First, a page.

It’s not a deal breaker by any means, but one questions why this system is in place for a game that encompasses single screen puzzles. It just seems like a silly idea. Nevertheless, when all is said and done, Glass Masquerade is well worth your time and attention, especially if you enjoy the concept. It’s simple, fun, and straightforward, and as a result, quite addictive and satisfying to play. It wont blow your socks off, but it does indeed achieve everything that it set out to accomplish. It helps that it both looks and sounds good too.
Glass Masquerade’s jigsaw-like functionality may indeed look simple at first glance, but in practice, it’s anything but. The game’s clever use of its singular artistic mechanic makes for a challenging, yet strangely therapeutic puzzler. The only drawback is that it’s quite short in length and doesn’t provide much replay value. That said, for a genre that’s rapidly gaining weight, Glass Masquerade effortlessly showcases that less is more.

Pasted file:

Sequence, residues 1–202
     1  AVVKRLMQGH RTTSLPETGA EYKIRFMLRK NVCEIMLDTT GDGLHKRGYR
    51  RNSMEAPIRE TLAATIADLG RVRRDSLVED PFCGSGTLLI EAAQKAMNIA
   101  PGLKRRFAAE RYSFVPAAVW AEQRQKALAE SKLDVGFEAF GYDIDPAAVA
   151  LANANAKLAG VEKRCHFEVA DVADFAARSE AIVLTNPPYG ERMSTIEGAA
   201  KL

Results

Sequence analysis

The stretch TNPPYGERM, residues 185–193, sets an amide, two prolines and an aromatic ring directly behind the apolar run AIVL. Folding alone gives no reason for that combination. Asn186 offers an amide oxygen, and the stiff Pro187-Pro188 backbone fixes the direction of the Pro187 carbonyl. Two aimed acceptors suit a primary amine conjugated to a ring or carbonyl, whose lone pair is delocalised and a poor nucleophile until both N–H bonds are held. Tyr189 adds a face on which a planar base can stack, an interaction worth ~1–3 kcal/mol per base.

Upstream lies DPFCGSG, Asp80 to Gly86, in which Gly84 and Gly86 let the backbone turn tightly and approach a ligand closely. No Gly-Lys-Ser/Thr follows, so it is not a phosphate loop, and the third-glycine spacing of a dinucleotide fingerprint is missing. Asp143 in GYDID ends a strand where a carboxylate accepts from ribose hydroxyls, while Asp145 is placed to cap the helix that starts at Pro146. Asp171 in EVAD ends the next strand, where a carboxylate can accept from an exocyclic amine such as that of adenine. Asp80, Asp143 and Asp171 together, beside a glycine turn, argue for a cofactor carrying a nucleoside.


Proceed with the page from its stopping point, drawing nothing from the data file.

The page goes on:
This game was tested and reviewed on Xbox One. All of the opinions and insights here are subject to that version.Want to keep up to date with the latest Xt reviews, Xt opinions and Xt content? Follow us on Facebook, Twitter, and YouTube.